As a master BS'er (behavioral scientist) in private and professional life, I want to know why people do things, so I can use it in executing my evil plans. My beloved henchman, Otis the neuropsychologist, feeds my habit regularly with links sent in emails with cryptic subject lines. This subject line was “awe.” I thought it was about cute puppies. But no, it was a gem.
Turns out, if I can get someone to experience awe, they are more likely to be less narcissistic and be more helpful to others. At this point you may:
- Just believe me
- Read a dry abstract, or
- Read the research authors’ own wonderful summary in The New York Times
If your navigation bar brought you back to me, you’ll want to know how to make use of this interesting fact in your work raising money. In short, if you can raise goose pimples on someone, you have positioned them to donate or do other good work for you, like fund raise. Seriously. Or, as we say in the South, “I **** you not.”
How can we do that? We can position heroes who inspire awe by their fight against a malady. We can talk about researchers who create awe by their steadfastness. Or, we can have people look up at really tall trees. Still serious here.
In a series of different experiments, these researchers found that awe consistently inspires altruism. They were able to demonstrate this link, but could only guess at why it works. Say the authors, “One answer is that awe imbues people with a different sense of themselves, one that is smaller, more humble and part of something larger. Our research finds that even brief experiences of awe, such as being amid beautiful tall trees, lead people to feel less narcissistic and entitled and more attuned to the common humanity people share with one another. Fleeting experiences of awe redefine the self in terms of the collective, and orient our actions toward the needs of those around us.”
Awe, apparently, makes one feel small enough to be large-hearted.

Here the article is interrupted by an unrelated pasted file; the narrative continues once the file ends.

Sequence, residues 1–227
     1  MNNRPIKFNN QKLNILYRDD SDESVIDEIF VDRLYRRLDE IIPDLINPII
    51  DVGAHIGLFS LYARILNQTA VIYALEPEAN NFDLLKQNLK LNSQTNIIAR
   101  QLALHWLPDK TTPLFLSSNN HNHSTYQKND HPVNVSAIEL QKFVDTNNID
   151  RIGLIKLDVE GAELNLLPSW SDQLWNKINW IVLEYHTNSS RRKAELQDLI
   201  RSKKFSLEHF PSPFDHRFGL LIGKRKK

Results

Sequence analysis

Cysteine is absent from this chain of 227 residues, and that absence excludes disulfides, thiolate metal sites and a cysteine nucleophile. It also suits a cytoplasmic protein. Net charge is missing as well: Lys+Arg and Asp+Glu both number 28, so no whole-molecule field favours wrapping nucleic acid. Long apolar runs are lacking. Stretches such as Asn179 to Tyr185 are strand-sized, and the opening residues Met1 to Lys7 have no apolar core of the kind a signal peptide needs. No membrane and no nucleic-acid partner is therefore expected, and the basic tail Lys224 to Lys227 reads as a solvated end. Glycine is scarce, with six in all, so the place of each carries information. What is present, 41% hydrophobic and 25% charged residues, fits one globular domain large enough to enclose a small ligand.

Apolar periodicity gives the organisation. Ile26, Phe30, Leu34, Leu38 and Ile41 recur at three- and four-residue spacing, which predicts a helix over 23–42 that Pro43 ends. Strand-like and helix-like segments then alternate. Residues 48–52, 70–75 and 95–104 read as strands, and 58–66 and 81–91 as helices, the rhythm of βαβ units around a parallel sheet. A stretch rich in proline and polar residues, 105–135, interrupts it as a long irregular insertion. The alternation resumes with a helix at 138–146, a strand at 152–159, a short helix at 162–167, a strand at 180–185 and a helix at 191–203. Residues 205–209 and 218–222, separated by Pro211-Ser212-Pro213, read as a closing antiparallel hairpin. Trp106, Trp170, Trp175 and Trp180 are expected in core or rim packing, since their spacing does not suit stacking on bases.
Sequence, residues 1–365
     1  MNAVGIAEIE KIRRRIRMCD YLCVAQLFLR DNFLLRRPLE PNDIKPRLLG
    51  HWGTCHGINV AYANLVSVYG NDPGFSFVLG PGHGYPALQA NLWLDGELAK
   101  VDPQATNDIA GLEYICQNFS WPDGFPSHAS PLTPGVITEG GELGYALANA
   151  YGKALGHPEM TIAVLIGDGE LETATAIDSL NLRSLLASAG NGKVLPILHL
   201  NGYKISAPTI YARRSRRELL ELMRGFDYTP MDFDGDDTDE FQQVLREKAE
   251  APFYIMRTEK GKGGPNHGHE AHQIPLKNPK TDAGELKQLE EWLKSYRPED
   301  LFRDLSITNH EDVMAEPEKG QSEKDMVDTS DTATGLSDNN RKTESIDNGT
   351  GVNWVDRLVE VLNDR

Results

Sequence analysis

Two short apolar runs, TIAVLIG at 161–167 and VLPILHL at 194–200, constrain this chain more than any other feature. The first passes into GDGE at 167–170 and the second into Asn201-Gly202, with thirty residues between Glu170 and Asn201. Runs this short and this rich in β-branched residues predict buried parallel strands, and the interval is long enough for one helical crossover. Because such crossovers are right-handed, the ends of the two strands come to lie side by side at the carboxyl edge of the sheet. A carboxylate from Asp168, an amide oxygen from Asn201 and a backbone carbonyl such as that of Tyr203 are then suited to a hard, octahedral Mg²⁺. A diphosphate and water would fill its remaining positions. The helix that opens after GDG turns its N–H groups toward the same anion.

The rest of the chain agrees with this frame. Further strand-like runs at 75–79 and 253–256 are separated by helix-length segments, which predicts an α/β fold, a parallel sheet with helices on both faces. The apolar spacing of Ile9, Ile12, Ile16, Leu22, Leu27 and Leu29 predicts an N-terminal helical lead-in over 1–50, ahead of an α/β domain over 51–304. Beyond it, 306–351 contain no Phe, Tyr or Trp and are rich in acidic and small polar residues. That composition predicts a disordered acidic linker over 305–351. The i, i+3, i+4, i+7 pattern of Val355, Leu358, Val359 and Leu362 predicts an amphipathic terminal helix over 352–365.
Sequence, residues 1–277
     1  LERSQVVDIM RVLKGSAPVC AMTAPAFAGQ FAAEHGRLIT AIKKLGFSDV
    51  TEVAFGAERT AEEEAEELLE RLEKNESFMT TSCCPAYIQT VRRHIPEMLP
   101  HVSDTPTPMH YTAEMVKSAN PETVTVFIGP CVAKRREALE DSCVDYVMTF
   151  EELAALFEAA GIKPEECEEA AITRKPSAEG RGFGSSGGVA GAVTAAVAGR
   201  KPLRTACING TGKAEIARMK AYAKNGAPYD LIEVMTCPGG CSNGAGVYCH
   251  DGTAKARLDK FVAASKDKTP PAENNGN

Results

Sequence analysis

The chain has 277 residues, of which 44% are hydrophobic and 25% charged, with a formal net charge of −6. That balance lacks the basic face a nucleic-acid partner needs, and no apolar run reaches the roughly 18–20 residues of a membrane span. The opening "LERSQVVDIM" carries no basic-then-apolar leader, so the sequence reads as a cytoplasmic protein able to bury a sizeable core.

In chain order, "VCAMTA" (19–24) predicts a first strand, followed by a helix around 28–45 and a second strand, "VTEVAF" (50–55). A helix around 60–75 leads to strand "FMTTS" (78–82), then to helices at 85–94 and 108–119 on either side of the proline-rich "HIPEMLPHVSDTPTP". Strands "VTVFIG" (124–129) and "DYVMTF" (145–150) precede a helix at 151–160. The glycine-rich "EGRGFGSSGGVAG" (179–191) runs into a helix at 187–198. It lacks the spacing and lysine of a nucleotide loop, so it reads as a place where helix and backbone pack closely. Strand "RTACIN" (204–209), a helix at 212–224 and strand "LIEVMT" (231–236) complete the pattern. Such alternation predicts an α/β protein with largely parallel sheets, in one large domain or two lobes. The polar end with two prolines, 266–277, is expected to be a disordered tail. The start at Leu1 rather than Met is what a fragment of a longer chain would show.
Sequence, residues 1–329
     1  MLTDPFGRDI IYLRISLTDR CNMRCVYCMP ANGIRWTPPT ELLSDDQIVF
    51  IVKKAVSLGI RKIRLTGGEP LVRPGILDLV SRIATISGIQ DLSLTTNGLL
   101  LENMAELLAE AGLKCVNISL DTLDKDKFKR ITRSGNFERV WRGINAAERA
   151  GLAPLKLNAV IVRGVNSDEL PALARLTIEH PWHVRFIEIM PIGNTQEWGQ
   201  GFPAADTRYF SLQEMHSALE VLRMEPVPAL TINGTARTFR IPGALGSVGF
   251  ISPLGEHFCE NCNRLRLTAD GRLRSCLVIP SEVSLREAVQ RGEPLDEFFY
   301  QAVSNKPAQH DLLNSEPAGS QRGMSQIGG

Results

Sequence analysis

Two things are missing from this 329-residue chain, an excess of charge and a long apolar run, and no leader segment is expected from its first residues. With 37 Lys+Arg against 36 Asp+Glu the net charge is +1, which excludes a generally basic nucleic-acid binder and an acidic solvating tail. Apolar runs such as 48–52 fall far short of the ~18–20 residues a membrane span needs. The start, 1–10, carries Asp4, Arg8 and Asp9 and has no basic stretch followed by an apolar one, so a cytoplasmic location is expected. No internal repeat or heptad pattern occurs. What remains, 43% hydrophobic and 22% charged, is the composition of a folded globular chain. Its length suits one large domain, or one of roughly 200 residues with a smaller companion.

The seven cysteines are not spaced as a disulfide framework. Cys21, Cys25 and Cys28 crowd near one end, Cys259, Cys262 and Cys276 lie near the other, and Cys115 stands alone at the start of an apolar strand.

Otis Fulton, Ph.D., spent most of his career in the education industry, working at the psychometric research and development firm MetaMetrics Inc., Pearson Education and others. Since 2013, he has focused on the nonprofit sector, applying psychology to fundraising and donor behavior at Turnkey. He is the co-author of the 2017 book, ”Dollar Dash: The Behavioral Economics of Peer-to-Peer Fundraising” and is a frequent speaker at national nonprofit conferences. With Katrina VanHuss, he co-authors a blog at NonProfit PRO, “Peeling the Onion,” on the intersection of psychology and philanthropy.
Otis is a much-sought-after copywriter for nonprofit fundraising messages. He has written campaigns for UNICEF, St. Jude’s Children’s Research Hospital, March of Dimes, Susan G. Komen, the USO and dozens of other organizations. He has a Ph.D. in social psychology from Virginia Commonwealth University and a Bachelor of Arts from the University of Virginia, where he also played on UVA’s first ACC champion basketball team.
Katrina VanHuss has helped national nonprofits raise funds and friends since 1989 when she founded Turnkey. Her client’s successes and her dedication to research have made her a sought-after speaker, presenting at national conferences for Blackbaud, Peer to Peer Professional Forum, Nonprofit PRO, The Need Help Foundation and her clients’ national meetings. The firm’s work is underpinned by the study and application of behavioral economics and social psychology. Turnkey provides project engagements, coaching, counsel and staffing to nonprofits seeking to improve revenue or create new revenue. Her work extends into organizational alignment efforts and executive coaching.
Katrina also regularly shares her wit and business experiences on her and Otis Fulton's NonProfit PRO blog “Peeling the Onion.” When not writing or researching, Katrina likes to make things — furniture from reclaimed wood, new gardens, food with no recipe. Katrina’s favorite Saturday is spent cleaning out the garage, mowing the grass, making something new, all while listening to loud music by now-deceased black women, throwing in a few sets on the weight bench off and on, then collapsing on the couch with her husband Otis to gang-watch new Netflix series whilst drinking sauvignon blanc.
Katrina grew up on a Virginia beef cattle and tobacco farm with her three brothers. She is accordingly skilled in hand to hand combat and witty repartee — skills gained at the expense of her brothers. Katrina’s claim to fame is having made it to the “American Gladiator” Richmond competition as a finalist in her late 20s, progressing in the competition until a strangely large blonde woman knocked her off a pedestal with an oversized pain-inducing Q-tip. Katrina’s mantra for life is “Be nice. Do good. Embrace embarrassment.” Clearly she’s got No. 3 down.